The cartoonist called the 'Walt Disney of Brazil'
For someone who is often called "the Walt Disney of Brazil", Mauricio de Sousa is a very good example of why you shouldn't give up on your dreams after an initial rejection.
An avid drawer of cartoons as a child, he was determined to become a professional cartoonist.
So, aged 19, Mauricio left his small home town and moved to Sao Paulo, Brazil's largest city, to pursue his dream.
Intending to produce cartoons for a newspaper, he was instead repeatedly turned down. He was told that his work wasn't good enough.
But not a person to be deterred, the young Mauricio came up with a plan - he'd get a different job on a newspaper, while continuing to practise and improve his skills as a cartoonist in his spare time.
His thinking was that once he was more established at a paper, he'd then try again - and again - to get his cartoons accepted.
So despite the sight of blood making him feel faint, in 1954 Mauricio got a job as a crime reporter on one of Brazil's bestselling titles - Folha de Sao Paulo.
"Of course it was not the start I dreamed about, but we can not be picky when we are starting, and I had to do what they allowed me to do," says Mauricio, who is now 80 years old.
He had to wait five years before he got a cartoon accepted.
That first daily comic strip was about a dog who engaged in philosophical conversations. It was popular enough for Mauricio to be able to quit reporting, and become a full-time cartoonist.
Almost six decades later, Mauricio has sold more than one billion comics and books.
A household name in Brazil, his work is also translated and sold around the world.
In addition, his company - Mauricio de Sousa Productions (MSP) - produces animated films and theatre productions, runs a theme park, makes computer games and cuddly toys, and licenses his characters to hundreds of consumer products.
While Mauricio doesn't like to discuss money, he is a multi-millionaire many times over.
He is also a workaholic who still leads the business every day, and has no plans to retire. "I work whenever I'm awake," he says.
Mauricio's most popular cartoon character is a seven-year-old girl called Monica, who appeared for the first time in 1963.
Named after one of his daughters, the fictional Monica is a strong-minded child who leads a gang of friends.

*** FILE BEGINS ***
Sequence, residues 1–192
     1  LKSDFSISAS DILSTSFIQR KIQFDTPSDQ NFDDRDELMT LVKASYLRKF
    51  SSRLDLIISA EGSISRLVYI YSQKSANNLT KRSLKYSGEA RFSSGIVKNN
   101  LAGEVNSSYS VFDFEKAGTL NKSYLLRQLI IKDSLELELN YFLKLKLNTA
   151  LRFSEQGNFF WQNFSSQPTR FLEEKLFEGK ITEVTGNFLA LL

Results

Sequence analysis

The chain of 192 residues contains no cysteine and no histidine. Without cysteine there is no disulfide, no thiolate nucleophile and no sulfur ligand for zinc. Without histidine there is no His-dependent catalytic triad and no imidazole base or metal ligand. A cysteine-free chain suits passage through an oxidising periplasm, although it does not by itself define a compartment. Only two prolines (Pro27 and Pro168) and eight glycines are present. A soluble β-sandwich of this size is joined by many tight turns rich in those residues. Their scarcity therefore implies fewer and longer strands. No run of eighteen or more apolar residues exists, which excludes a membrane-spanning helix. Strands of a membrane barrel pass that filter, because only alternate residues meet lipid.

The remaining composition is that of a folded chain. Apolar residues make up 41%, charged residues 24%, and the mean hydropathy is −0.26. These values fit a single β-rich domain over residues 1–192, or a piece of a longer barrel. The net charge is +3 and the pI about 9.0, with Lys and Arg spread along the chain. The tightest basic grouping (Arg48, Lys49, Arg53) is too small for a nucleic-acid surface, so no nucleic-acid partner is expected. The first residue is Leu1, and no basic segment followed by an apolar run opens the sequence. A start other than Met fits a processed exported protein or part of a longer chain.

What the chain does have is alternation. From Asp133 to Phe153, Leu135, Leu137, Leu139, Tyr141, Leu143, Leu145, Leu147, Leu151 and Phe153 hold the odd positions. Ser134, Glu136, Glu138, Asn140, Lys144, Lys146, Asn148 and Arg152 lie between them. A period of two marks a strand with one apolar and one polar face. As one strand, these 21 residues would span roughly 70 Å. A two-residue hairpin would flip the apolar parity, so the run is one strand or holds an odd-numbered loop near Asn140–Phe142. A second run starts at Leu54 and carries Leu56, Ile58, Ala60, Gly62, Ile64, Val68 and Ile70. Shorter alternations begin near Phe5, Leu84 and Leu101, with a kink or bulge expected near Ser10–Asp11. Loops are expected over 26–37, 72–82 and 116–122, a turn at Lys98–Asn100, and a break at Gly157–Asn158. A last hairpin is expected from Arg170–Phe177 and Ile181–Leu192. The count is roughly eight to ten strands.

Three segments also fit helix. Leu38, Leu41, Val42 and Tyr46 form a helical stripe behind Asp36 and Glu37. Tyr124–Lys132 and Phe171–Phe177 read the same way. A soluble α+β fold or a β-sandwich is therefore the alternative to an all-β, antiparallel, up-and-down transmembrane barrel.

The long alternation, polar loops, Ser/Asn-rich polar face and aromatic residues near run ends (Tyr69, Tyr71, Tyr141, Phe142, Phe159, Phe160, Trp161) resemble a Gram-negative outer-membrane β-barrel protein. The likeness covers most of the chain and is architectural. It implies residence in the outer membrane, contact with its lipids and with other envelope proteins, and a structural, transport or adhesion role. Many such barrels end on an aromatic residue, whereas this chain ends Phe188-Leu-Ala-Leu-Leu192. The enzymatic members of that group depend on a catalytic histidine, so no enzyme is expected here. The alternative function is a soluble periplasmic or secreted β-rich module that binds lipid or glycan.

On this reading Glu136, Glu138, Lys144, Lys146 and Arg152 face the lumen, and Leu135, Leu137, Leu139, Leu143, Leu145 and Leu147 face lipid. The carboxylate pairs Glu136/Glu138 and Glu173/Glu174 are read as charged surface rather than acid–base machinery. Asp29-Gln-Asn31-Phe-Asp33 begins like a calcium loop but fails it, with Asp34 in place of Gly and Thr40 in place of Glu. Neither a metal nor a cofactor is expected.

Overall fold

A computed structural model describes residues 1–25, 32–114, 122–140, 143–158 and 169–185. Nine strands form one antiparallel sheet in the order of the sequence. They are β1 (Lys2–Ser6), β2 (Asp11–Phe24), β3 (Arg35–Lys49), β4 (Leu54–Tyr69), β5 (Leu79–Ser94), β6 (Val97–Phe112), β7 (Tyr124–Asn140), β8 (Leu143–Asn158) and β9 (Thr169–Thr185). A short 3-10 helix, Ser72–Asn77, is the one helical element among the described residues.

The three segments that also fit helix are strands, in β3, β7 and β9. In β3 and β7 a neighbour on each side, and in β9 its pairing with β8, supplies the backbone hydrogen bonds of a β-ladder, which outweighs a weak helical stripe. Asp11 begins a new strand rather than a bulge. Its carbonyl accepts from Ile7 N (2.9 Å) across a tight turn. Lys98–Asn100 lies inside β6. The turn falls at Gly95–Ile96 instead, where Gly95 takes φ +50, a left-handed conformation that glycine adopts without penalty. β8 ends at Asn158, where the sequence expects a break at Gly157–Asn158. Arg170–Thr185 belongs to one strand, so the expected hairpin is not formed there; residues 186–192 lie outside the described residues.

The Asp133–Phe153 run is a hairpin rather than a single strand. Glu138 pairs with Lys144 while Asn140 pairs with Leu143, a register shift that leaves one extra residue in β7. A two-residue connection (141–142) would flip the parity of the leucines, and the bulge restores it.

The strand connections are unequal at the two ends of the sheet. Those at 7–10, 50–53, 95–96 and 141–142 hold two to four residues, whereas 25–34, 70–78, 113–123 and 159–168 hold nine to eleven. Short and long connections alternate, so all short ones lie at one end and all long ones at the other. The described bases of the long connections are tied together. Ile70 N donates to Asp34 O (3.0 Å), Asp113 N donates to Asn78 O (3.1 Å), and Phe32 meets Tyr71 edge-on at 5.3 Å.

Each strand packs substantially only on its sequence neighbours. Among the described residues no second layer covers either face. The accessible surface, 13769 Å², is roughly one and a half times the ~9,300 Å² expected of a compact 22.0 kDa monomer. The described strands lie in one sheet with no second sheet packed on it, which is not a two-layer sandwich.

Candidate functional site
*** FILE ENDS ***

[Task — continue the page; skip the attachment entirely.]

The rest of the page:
As Monica's adventures gained a loyal readership, Mauricio says that thanks to his mother's advice he made sure that he focused on his business affairs as much as he did on his writing and drawing.
"Something my mother used to advise me was that if I wanted to become a cartoonist I should do my drawing in the morning, and manage the business in the afternoon," he says.
Mauricio also started to hire staff to assist him, and travelled around Brazil to sell his cartoons to other newspapers.
Within three years his cartoons were being published in no less than 400 Brazilian newspapers, and his earnings soared.
Today, Mauricio says that while the comics are his "calling card", most of the company's profits comes from licensed products. His characters can be found on everything from nappies to furniture, clothing, and food items.
It is this business acumen as much as Mauricio's cartoon drawing skills that have seen him compared with the late Walt Disney.
Yet as much as Mauricio has focused on his finances, he has also been honoured for his efforts to use his cartoons - which include no less than 200 different characters - to promote good causes.
Themes he has promoted include protecting the rainforests, anti-smoking, vaccinations, the need for clean water, tackling pollution, and fighting drugs.
This work has seen him receive an award from the Pan American Health Organization, the public health agency that operates in all 35 nations across North and South America.
Mauricio is also the holder of a Brazilian presidential medal of honour, and his Monica cartoon character was named a United Nations International Children's Emergency Fund (Unicef) ambassador in 2007.
The first ever fictional character to be given the title, she was chosen because of her positive influence on children and families.
Looking ahead, Mauricio says that while he has no plans to retire, he has held "occasional meetings" about the issue, "because I do not want all this work to be damaged by bad planning".
In running the company he is helped by two of his 10 children, who hold senior roles.
Eladio Toldeo, a Brazilian business consultant, says that while the eventual leadership transition will need to be handled well, "Mauricio's legacy will remain regardless of who is managing the company" and its 500 employees.
In the meantime, Mauricio says: "Holidays make me restless because I do not like the idea of being three or four days without creating something.
"I need to take as much as I can from my mind, and create books, comic strips and other products for children. It is not a material need, it is something else."
Follow The Boss series editor Will Smale on Twitter @WillSmale1